UK paid ‘blood money’ to secure release of Iran detainees

Britain has been accused by former US secretary of state Mike Pompeo of paying “blood money” to bring home two UK-Iranian dual nationals from Tehran, claiming the move smacked of appeasement.

Nazanin Zaghari-Ratcliffe was back in Britain on Thursday after being detained by Tehran almost six years ago. Anoosheh Ashoori, another dual national, returned with her. Both have been reunited with their families.

Liz Truss, UK foreign secretary, has paid tribute to Oman, which shares close ties with both western powers and the Islamic republic, for its “incredibly helpful” role in mediating the release of the Britons.

But Pompeo claimed the payment by the UK of $530mn of debt owed to Iran, relating to a cancelled tank order in 1979, had rewarded “hostage takers”.

“That cash will terrorise Israel, UK and US,” he tweeted. The former secretary of state in the Trump administration added: “Appeasement feels good until it fails — it always does.”

Downing Street said Britain had long recognised that the debt was legitimate and would have to be repaid. Tehran paid for a consignment of Chieftain tanks, which was cancelled after the 1979 Islamic revolution.

UK prime minister Boris Johnson’s spokesperson said the payment had been “ringfenced” for humanitarian purposes and had been made in “parallel” with the releases.

But Number 10 insisted that the payment was “not contingent” on the freeing of Zaghari-Ratcliffe and Ashoori. “The UK has never accepted our nationals being used for any political purpose,” it said.

However, many believe that the two issues are intrinsically linked. Tom Tugendhat, Conservative chair of the House of Commons foreign affairs select committee, called it a “ransom payment”.

He referred to the US payment of $400mn to the Iranian government in 2016, when then-president Barack Obama ordered pallets of cash to be sent to Iran to secure the release of four Americans, but six months later six more American dual nationals were detained.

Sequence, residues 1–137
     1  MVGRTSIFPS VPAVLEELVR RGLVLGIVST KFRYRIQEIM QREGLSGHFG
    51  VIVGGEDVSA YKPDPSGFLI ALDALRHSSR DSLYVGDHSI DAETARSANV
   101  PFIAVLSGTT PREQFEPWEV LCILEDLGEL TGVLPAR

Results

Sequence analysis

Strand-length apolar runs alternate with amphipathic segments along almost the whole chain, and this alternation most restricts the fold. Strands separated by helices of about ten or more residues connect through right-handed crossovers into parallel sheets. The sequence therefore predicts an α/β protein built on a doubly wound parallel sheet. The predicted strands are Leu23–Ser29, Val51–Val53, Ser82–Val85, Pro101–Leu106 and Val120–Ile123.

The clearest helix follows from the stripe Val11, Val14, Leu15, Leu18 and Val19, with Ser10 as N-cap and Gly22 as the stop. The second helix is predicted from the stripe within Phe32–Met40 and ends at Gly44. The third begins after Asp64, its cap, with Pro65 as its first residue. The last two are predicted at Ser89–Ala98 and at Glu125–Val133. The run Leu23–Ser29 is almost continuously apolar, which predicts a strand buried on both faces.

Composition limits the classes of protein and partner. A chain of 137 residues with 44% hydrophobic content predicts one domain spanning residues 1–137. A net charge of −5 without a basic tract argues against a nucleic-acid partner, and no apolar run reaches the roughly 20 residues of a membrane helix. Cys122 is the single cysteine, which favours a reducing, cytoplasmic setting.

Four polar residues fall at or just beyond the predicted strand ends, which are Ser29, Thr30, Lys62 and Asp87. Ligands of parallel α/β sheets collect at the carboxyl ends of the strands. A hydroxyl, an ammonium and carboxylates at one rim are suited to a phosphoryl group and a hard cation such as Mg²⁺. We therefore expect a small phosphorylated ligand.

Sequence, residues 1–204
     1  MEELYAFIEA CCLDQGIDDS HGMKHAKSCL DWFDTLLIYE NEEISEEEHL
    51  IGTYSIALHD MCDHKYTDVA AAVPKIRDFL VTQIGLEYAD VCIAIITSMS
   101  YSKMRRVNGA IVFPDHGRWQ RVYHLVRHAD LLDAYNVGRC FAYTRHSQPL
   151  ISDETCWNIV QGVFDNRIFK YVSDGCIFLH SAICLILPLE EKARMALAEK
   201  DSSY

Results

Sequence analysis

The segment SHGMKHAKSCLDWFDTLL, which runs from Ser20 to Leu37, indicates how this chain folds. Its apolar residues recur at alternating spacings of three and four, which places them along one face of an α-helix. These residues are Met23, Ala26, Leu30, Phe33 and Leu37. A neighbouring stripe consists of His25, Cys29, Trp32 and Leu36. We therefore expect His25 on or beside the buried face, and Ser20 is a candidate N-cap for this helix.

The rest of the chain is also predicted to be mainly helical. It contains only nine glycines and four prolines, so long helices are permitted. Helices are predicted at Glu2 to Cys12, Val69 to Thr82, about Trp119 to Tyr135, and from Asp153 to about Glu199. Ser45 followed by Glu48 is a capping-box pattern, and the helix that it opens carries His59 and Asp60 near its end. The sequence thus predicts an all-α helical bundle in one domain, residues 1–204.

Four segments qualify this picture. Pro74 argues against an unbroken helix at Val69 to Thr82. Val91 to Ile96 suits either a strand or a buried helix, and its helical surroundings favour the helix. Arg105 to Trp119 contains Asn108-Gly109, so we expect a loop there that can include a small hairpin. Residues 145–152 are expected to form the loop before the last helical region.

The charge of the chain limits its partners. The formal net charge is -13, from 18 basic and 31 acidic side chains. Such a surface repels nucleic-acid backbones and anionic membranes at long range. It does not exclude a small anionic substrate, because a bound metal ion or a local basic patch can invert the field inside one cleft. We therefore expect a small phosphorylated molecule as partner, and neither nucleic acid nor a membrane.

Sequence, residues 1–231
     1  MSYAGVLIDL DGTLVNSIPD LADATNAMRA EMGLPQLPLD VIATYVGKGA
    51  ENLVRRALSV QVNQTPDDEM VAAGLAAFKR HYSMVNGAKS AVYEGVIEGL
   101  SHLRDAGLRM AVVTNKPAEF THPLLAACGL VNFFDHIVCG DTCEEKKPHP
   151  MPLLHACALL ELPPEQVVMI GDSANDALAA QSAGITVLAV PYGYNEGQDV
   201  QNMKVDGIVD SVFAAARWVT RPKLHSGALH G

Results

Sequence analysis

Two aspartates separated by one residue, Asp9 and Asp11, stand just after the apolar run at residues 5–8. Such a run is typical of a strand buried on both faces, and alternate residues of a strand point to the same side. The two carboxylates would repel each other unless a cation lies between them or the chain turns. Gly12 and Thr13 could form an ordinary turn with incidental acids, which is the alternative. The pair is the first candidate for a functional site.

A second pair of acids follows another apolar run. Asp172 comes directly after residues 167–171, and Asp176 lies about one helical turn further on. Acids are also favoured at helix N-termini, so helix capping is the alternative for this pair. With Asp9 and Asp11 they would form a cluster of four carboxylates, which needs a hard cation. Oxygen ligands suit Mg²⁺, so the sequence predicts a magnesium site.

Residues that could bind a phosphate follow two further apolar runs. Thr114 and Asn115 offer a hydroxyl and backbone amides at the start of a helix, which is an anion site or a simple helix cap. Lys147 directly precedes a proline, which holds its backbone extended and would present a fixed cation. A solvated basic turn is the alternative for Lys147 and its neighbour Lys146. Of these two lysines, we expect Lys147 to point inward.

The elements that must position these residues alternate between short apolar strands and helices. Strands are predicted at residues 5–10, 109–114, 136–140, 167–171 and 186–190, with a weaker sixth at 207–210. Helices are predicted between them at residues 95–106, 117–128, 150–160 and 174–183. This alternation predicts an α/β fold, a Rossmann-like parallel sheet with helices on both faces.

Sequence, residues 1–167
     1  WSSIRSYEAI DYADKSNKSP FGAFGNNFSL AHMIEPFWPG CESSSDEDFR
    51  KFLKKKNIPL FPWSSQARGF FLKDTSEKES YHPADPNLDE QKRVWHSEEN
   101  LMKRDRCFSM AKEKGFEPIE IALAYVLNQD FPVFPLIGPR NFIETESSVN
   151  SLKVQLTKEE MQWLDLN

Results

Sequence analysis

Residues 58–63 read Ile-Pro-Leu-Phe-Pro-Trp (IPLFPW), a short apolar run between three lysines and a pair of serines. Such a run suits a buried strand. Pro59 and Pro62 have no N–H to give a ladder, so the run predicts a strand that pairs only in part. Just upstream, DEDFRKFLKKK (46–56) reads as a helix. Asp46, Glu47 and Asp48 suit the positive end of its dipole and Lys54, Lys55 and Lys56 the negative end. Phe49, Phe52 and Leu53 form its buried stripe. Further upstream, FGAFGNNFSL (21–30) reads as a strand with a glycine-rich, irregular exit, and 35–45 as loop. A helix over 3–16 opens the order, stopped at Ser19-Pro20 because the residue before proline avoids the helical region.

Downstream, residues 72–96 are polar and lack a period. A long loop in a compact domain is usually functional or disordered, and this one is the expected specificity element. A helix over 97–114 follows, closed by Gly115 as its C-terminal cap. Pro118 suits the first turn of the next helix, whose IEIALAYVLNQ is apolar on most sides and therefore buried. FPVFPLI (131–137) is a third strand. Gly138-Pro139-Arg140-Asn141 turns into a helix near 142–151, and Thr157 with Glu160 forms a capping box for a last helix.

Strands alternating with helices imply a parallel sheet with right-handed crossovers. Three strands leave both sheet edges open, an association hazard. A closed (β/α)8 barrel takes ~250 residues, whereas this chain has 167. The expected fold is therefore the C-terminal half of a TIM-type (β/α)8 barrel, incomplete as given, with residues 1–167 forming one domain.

Truss is said by British officials to have discussed the payment during her trip to Washington last week, suggesting that she had “squared off” the US on the basis it was a purely bilateral UK-Iran issue.

Downing Street declined to say whether Washington approved the payment.

To circumvent US sanctions on Iran, the British payment was identified as being exclusively for humanitarian purposes, although officials close to the deal said it was not used to buy vaccines, contrary to some reports.

Downing Street said a “rigorous oversight” system was in place to ensure the money was used for humanitarian purposes, but refused to say what the process was, or who was involved in it. Both sides have agreed to keep the details “confidential”.

The UK debt is expected to be deposited into banks that will disperse funds to Iran for humanitarian purposes, UK officials indicated. A bank in Oman is one of the routes agreed by the US, a western official added.

Along with the payment for the cancelled tank order, the release of the two British nationals also coincided with renewed western diplomatic efforts to revive the 2015 nuclear accord with Iran.

British diplomats have said this combination of factors helped to end the stand-off with Iran, which has caused deep frustration for Johnson and his predecessor Theresa May.

Johnson’s spokesperson denied that Truss had reneged on an understanding in Washington last week that Morad Tahbaz, a third detainee who has UK, US and Iranian nationality, would be included in the deal.

Truss, who has won cross-party praise in the UK for her handling of the complex negotiations, said Britain would continue to work with the US to secure the return of Tahbaz, who has been freed from prison on furlough.

Ned Price, US state department spokesperson, said on Wednesday: “We continue to work night and day to secure the release of our wrongfully detained citizens, and that includes US-UK citizen Morad Tahbaz.”

Downing Street said that a “small number” of UK nationals were still detained in Tehran but declined to say how many.

The Financial Times understands that there are at least 18 dual foreign nationals detained in the country: three Australians, one Canadian, two French, two German, two Swedish, five Americans and three American-British-Iranians. Also detained are one French national and an Iranian with permanent US residency.

They are business people, scientists, academics, human rights campaigners and other activists. The charges the Iranian government has made public include “spying for foreign intelligence services”, “propaganda against the political system of the Islamic Republic” and “collusion to endanger national security”.

In addition, two of those detained are considered forcibly disappeared by human rights organisations, as they have little or no contact with their families.

Zaghari-Ratcliffe was accused in 2016 of plotting to overthrow the Iranian government, while Ashoori, a retired civil engineer, was detained in 2017 on spying charges. Both have vehemently denied the allegations.

Richard Ratcliffe, who waged a high-profile campaign to secure his wife’s release, said before her return that he looked forward to the “beginning of a new life” for the family.

Source: Financial Times